• Tuesday, April 16, 2024
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NBS says average petrol price 100% in one year


The average retail price paid by consumers for Premium Motor Spirt (PMS), also known as petrol, surged to more than 100 percent in one year, according to the National Bureau of Statistics (NBS).

The latest PMS price watch report showed that the price of petrol rose by 157.57 percent, to N679.36 in February 2024 from N263.76 in the same period of last year.

“Likewise, comparing the average price value with the previous month (.i.e. January 2024), the average retail price also increased by 1.66% from N668.30,” the report said.

On state profile analysis, the report stated that Zamfara State had the highest average retail price of petrol, at N750.43, while Kebbi and Taraba States were next, with N746.67 and N710.56, respectively.

Kwara, Ogun and Benue States had the lowest average retail prices for Premium Motor Spirit (Petrol), at N650.00, 650.83 and 652.73, respectively.

“Lastly, on the Zonal profile, the North West Zone had the highest average retail price of N701.20, while the South West Zone had the lowest price of N657.20,” the report added.

President Bola Tinubu announced the removal of the petrol subsidy during his inauguration speech on May 29, 2023.

This declaration tripled the petrol price to N679.36/litre from N184/litre, causing an increase in transportation fare, food items and other services.

“Right now, to fuel my car costs N25,000 for a full tank, which lasts two weeks. That’s about N50,000 per month, which consumes a significant chunk of my monthly income.

“So, I reduce fuel consumption by reducing distanced travels; I stay at home unless necessary, and I reduce the rate at which I take the car out or use an alternative means of transportation,” Ameer Akintola, a petrol consumer in Lagos told BusinessDay.

AbdulHameed Otubanjo said, “We used to buy enough petrol to last a night, but now, we set a time to switch on the generator. As a designer, it is frustrating to keep up with deadlines, and I maximise electricity when it is available,” he said.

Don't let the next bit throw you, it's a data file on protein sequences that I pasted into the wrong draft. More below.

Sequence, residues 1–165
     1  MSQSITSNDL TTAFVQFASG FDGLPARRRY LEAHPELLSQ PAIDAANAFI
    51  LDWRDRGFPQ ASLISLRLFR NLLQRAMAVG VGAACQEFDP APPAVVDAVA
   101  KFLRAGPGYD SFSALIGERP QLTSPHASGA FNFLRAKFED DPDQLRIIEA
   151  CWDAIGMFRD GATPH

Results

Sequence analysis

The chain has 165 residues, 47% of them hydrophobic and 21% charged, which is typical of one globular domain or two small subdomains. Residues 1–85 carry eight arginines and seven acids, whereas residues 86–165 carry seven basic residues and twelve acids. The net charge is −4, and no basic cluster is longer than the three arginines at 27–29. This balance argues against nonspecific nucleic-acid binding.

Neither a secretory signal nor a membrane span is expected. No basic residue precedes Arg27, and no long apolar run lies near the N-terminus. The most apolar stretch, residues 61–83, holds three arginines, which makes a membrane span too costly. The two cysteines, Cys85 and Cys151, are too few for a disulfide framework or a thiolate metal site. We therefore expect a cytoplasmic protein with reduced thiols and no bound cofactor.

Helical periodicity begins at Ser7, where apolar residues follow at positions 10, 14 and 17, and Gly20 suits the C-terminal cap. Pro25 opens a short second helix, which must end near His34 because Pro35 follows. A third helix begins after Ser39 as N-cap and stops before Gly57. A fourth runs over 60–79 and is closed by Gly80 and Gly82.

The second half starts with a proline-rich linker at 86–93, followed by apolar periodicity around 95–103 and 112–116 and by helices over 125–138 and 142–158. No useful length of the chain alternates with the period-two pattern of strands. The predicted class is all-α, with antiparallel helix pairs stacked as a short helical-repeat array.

Idris Bisiriyu, a creative in Lagos, said he intends to rely on solar energy to keep his business stable.

“As a creative who depends on consistent power for a smooth business, I’m considering setting up a solar system. The amount of money I will expend on petrol in a year can set up one, and I can use it for as long as I want. I plan on minimising interactions with petrol and diesel to avoid frustrations,” he said.

On the impact of rising petrol costs on petrol businesses, Titilope Anifowoshe, a petrol station owner, said that tank farms and filling stations are grappling with substantial expenses on fuel to sustain their business.

“The surge in petroleum products coincides with a challenging period for players in the downstream sector. Given the costs and slim gap between landing costs and profit margins, businesses are struggling to stay afloat.

“It is crucial to address the issues of forex and the declining value of the naira. With generator diesel consumption claiming almost 60 percent of profits for filling stations, businesses are under pressure,” she said.

In June 2023, The World Bank revealed in its Nigeria Development Update that the removal of the petrol subsidy has caused an increase in prices, adversely affecting poor and economically insecure Nigerian households.

The World Bank said, “Petrol prices appear to have almost tripled following the subsidy removal. The poor and economically insecure households who directly purchase and use petrol and indirectly consume petrol are adversely affected by the price increase.”

“Among the poor and economically insecure, 38 per cent own a motorcycle, and 23 per cent own a generator that depends on petrol. Many more use petrol-dependent transportation.

“Many current, as well as newly poor and economically insecure households, will likely resort to coping mechanisms that will have long-term adverse consequences, such as not sending children to school, or not going to the health facilities to seek preventative healthcare or cutting back on nutritious dietary choices,” it added.

Elijah Oluwaseun, a family man in Lagos, said that the current economic status of Nigeria has led him to pull his two children out of school, and they have been at home for almost two months.

Oluwaseun said, “The school first sent my children out of school at the beginning of January, so I decided to take a loan from these loan apps to pay some of their school fees. I hoped the money I paid would keep the school from sending them away again, but since I couldn’t complete the payment they sent them home.”

“Now my kids are at home, and the loan apps I borrowed from have been disturbing me and sending threatening messages, but I can’t even pay them because my company still owes about three months of salary,” he added.